Can Irish oats be eaten raw?
Regular oats, quick oats and instant oats, can be eaten raw. This is because the oats undergo a preparation process that includes a pre-steaming and pre-heating step that kills harmful germs and partially cooks the grain.
Irish oats are not processed the same way; they do not undergo steam and heat treatment, and thus the harmful germs may still be present. Therefore, Irish oats are not guaranteed to be safe to eat raw.
What is the difference between oats and Irish oats?
The type of oats that are commonly referred to as “regular” and “normal,” are really rolled oats, the most frequently eaten kind of oats; you may also know them as “old-fashioned” oats.
What makes Irish oats and regular oats different is ultimately the way they are processed. As mentioned earlier, Irish oats go through a steel cut treatment.
Regular oats, after being chopped up, have their groats steamed, rolled, flattened and dried. This makes regular oats “more processed,” and changes their original shape to that of flakes, unlike Irish oats which mostly stay the same shape.
The processing also leads to other differences between regular oats and Irish oats. One of the major differences is in cooking times:
- Regular oats are known for their fast cooking times. Regular oats can be cooked on the stovetop in about five minutes.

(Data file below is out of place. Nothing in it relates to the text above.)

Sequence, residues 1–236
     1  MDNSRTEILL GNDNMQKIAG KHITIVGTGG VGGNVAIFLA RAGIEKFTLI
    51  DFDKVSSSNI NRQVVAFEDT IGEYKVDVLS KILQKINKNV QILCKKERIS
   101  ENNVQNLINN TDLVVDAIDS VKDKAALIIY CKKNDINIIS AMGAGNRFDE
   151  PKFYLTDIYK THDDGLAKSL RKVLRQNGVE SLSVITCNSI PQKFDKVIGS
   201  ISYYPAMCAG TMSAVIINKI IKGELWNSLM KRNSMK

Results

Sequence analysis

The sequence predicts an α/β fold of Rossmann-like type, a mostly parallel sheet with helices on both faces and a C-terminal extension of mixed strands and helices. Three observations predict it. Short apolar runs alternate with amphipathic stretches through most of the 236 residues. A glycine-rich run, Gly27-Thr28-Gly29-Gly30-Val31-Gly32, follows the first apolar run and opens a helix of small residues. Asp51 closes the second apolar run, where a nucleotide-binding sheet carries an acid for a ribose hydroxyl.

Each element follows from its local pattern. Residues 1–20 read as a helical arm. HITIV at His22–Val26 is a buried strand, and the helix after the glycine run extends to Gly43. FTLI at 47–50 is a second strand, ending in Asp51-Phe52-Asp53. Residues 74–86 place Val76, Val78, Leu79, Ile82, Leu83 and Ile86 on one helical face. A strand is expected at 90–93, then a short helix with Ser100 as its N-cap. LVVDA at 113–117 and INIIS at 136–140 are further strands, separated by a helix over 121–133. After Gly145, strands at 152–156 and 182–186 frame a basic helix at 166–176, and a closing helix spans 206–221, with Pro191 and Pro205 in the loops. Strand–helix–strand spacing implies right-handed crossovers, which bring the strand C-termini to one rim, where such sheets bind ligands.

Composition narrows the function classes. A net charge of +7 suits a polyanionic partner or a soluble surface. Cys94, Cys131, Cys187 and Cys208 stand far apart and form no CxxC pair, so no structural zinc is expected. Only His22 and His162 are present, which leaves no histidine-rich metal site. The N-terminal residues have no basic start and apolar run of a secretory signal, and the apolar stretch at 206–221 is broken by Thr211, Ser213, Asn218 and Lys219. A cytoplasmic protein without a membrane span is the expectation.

- Irish oatmeal, being much thicker, takes a considerably longer time to cook. The time to cook Irish oats may exceed half an hour.
Taste and Texture
There is also a noticeable difference in texture and flavor between Irish oats and regular oats:
- Regular oats are softer and mushier. Regular oats also have the benefit of being slightly cheaper, though the more processed factor may make them just the tiniest bit less nutritious than Irish oats.
- Irish oats are chewier, with more texture and even crunchiness, due to being in their natural shape, as well as having a slight nutty flavor.
Can I substitute Irish oats for rolled oats?
Since Irish oats and “normal”, or rolled, oats are both just oats processed in different manners, you may be wondering whether or not they can be interchanged in a recipe.
As far as cooked oatmeal porridge is concerned, I prefer Irish oats. However, not everyone have 45 minutes to slowly simmer a pot of steel cut oats on the stovetop.
In most baked goods recipes, Irish oats can not be substituted for rolled oats. The course texture makes the oats too thick to be used in flour or meal based recipe preparations.
I have seen oven baked recipes that call for quick-cooking Irish oats, but this is not something I have experimented with. I will keep you updated!
What are Irish oats in a recipe?
Now comes the final piece of the puzzle that was Irish oats before you read this article. What are Irish oats in a recipe?
Well, Irish oats are generally cooked with water and/or milk, and a dash of salt, boiled on a stove top, just like regular oats, though they do, of course, take much longer to cook. It is recommended they be allowed to simmer for approximately twenty to thirty minutes.
There is the option of adding in extra ingredients such as nutmeg, cinnamon, or other spices, fruit, nuts, honey, maple syrup or brown sugar for an extra bit of flavor.
Porridge style recipes using Irish oats are generally similar to those using regular or rolled oats.
So there you have it, everything you need to know about Irish oats. So why not go try some Irish oats for your next breakfast?